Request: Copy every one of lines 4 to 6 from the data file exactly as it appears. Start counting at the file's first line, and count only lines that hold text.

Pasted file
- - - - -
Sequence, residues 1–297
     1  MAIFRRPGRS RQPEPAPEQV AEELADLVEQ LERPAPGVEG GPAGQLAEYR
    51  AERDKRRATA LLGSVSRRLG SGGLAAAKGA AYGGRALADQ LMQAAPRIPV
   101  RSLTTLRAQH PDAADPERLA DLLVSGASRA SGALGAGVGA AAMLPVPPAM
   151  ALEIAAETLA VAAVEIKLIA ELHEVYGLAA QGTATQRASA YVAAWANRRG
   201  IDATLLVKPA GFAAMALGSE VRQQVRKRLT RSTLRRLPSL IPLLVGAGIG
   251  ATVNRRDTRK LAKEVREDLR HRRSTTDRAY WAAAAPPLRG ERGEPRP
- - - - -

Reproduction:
   101  RSLTTLRAQH PDAADPERLA DLLVSGASRA SGALGAGVGA AAMLPVPPAM
   151  ALEIAAETLA VAAVEIKLIA ELHEVYGLAA QGTATQRASA YVAAWANRRG
   201  IDATLLVKPA GFAAMALGSE VRQQVRKRLT RSTLRRLPSL IPLLVGAGIG